Friday, 9 November 2012

Rajma (Red kidney beans)

You can make this two or three ways depending how much time you want to give it.  I love making it from dried kidney beans without use of a pressure cooker, but you can use a pressure cooker to speed the cooking of the beans up if you wish or even use tinned kidney beans.


You can buy kidney beans in any English supermarket, dried or cooked in tins. Rajma is proper comfort food, a dish that is served a lot on Sunday, always regarded as a real luxury dish.

You can cook this as a vegan or vegetarian dish I shall give both variations so you can choose.  I love it just with rice, or you can serve it with yoghurt or raita as a side dish, or have a veg dish with it but really doesn't need anything.

You can also decide to make this dish Sathvick just remove the garlic and onions, it takes on a whole new flavour complex.

Ingredients for serving 3-4

  • I cup/ 200g of kidney beans.  Wash the kidney beans well and soak in double the volume of water over night.  If you don't have over night to soak them then wash them and soak them in boiling water from the kettle for a couple of hours or until they have swollen and longer wrinkly.
Tarka - We cook the beans and tarka separately and then combine them.
  • 3tbsp Light olive oil or (Ghee-clarified butter if you are making this vegetarian)
  • 1/2 Chopped onion
  • 1-2" fresh ginger peeled and finely chopped/ grated
  • 1 cloves of garlic finely/ grated
  • 1 -2 fresh green chilli's chopped (the more you put in the hotter it gets)
  • 1/2 tin tomatoes or chop a few fresh tomatoes
  • 1 tsp Cumin/ Jeera
  • 1/2 tsp Oregano seeds/ Ajowan seeds (optional)
  • 1 tsp Garam masala
  • 1 tsp Turmeric/ Haldi
  • 1 tsp salt
  • Hand full of fresh chopped coriander or use frozen.

Directions

  1. Wash your kidney beans again after the soaking and add them to a thick based pan, and top up with 2" or 5cm boiling water from kettle (this just speeds up the cooking). Cover and set it going at a medium heat so the beans boil and cook but not boil over.  Whilst cooking your beans may develop a white froth, just skim this off with a ladle and tip it down the sink.
  2. It takes about an hour to cook, you know when they are cooked as the beans are nice and mashey  inside and some of the skins have split, the water will have turned a red colour, mash some of the beans down with your ladle or a masher.  By the way you cannot overcook beans, they just get yummier the more you cook them.  While these are cooking we can cook our Tarka.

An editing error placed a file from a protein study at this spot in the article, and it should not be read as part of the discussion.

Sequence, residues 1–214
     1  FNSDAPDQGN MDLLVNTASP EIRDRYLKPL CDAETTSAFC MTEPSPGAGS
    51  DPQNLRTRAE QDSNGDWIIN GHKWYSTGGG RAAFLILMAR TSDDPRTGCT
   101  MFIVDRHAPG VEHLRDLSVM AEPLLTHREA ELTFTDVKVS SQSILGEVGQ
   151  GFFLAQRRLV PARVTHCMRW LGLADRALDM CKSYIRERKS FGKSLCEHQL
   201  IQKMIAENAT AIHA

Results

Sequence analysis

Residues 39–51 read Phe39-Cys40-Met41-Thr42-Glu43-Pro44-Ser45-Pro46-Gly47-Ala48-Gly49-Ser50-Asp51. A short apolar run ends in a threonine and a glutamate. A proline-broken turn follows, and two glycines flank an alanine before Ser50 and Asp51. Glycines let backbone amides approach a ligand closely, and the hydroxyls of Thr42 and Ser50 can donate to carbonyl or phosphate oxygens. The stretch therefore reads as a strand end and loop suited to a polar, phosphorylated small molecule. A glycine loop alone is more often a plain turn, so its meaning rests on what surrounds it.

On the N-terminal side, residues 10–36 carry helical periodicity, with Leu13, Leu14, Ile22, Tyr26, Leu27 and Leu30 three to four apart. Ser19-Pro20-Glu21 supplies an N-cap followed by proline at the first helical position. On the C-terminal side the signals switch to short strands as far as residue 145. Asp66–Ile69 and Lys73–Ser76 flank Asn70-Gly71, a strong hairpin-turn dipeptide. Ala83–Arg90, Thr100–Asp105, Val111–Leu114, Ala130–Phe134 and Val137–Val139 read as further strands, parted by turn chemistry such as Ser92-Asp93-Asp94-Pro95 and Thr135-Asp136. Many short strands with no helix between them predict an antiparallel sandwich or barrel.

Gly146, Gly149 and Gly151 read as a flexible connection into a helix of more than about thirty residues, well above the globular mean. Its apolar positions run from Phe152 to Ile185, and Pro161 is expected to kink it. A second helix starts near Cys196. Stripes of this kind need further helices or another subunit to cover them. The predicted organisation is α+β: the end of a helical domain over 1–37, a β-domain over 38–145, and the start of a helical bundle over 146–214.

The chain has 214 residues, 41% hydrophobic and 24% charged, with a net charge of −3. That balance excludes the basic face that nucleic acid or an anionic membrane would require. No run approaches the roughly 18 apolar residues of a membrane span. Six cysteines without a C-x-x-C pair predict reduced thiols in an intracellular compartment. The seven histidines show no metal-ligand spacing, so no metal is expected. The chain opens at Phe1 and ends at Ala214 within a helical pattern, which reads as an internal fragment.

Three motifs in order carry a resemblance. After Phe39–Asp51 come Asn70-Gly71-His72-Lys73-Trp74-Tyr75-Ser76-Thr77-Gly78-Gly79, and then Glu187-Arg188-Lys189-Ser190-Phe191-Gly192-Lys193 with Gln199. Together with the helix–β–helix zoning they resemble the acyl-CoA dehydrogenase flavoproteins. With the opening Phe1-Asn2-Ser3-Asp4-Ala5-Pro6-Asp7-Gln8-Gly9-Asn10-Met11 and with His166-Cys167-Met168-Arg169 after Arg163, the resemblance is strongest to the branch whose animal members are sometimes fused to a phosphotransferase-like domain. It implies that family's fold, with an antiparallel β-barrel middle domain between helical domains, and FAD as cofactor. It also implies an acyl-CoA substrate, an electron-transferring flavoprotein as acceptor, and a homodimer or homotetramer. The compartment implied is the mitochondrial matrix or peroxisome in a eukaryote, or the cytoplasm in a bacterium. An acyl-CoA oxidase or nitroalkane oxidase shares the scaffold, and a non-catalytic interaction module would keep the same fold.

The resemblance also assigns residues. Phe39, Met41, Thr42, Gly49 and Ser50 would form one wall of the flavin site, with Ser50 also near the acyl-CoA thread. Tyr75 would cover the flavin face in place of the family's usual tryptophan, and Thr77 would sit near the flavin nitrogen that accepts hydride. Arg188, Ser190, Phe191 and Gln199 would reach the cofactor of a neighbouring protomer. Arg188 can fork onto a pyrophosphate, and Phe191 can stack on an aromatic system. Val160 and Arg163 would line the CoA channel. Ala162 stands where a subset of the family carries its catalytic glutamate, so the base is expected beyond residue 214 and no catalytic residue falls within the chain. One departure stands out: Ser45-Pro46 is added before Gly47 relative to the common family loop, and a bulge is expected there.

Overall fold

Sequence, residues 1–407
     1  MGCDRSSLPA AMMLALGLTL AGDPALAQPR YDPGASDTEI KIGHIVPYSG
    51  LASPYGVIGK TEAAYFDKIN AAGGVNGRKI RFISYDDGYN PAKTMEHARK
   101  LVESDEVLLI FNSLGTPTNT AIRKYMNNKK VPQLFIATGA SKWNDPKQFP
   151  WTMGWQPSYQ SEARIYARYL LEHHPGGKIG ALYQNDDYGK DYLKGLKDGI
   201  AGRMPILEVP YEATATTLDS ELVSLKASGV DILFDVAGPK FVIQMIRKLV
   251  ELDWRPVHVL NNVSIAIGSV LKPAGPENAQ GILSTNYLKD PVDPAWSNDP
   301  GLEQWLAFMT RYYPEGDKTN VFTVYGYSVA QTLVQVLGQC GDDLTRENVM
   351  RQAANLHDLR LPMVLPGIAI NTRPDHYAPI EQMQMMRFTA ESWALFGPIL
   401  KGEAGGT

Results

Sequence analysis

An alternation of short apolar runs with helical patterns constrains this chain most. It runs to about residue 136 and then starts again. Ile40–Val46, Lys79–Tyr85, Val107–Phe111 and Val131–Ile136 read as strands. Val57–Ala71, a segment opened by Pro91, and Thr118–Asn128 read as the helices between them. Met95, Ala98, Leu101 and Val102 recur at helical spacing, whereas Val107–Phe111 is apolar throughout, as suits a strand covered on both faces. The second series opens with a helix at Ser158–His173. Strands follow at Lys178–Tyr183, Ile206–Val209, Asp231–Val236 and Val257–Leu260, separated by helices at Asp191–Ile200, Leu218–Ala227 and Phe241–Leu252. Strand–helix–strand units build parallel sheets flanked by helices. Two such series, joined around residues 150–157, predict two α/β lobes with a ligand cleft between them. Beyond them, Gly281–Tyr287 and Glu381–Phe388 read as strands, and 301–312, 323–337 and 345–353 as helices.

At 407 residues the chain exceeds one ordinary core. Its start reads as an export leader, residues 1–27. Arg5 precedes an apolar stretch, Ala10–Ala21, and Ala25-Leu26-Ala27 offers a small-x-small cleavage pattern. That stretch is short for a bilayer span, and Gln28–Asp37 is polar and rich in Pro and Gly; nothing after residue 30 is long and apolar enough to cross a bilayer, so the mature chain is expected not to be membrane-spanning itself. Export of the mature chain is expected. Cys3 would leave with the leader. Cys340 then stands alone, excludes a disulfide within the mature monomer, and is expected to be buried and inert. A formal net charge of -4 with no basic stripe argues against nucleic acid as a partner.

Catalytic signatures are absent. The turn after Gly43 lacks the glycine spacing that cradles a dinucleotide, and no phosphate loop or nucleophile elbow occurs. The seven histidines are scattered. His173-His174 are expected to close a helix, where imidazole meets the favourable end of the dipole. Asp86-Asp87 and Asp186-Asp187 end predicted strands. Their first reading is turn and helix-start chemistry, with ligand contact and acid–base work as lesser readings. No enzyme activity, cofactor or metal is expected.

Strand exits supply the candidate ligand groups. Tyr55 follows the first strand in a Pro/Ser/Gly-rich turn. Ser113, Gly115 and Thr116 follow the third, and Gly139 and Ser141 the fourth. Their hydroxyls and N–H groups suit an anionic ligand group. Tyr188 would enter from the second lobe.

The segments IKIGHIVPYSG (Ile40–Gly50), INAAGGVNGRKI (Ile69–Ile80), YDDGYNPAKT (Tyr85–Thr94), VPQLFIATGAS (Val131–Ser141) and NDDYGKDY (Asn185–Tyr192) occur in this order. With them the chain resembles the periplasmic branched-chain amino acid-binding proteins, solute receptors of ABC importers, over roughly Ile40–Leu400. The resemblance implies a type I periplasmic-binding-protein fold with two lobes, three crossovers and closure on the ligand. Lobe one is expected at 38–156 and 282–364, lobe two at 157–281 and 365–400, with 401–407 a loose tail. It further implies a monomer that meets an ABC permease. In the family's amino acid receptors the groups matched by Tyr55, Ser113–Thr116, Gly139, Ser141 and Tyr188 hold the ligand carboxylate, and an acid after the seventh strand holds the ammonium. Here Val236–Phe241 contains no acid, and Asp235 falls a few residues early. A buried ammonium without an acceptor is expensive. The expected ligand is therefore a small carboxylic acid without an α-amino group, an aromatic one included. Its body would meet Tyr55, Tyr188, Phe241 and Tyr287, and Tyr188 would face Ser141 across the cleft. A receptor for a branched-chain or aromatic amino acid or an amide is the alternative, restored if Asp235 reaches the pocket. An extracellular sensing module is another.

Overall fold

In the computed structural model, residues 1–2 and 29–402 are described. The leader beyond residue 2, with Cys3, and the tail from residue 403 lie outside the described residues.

3. In a second pan add your oil/ghee, set the pan at a slow heat this is the secret to good tasting Indian cooking, this recipe is pretty idot proof, just keep your heat low and you can't go wrong.  Add your cumin seeds and ajowan seeds, when they begin to crackle add your onion.
  4. Cook the onion till it is light brown and then add your garlic, ginger and chilli, stirring frequently.
  5. Continue to cook this till the garlic and ginger is brown too, if the ginger starts to stick to the pan just add a couple of tea spoons of water and stir until it comes free.
  6. Once the mix is caramel coloured, add your dry spices and salt and tomatoes, you have now made your tarka.
  7. Continue to cook this for a few more minutes until it is bubbling together nicely and the tomatoes have started breaking down, then add the tarka to your pot with the boiled beans!  Add a little of the bean liquor to your tarka pan to make sure you get all the yummy spices and oil off and add back to the bean pot.
  8. Once combined the tarka I like to cook my daal for another 20mins, you can cook it for longer on a slow heat the flavours just develop further. The thari (gravy) will just get thicker and creamier. Taste it and add more salt if you like more.
  9. Last stage is to add your coriander and serve with rice or roti and enjoy! 



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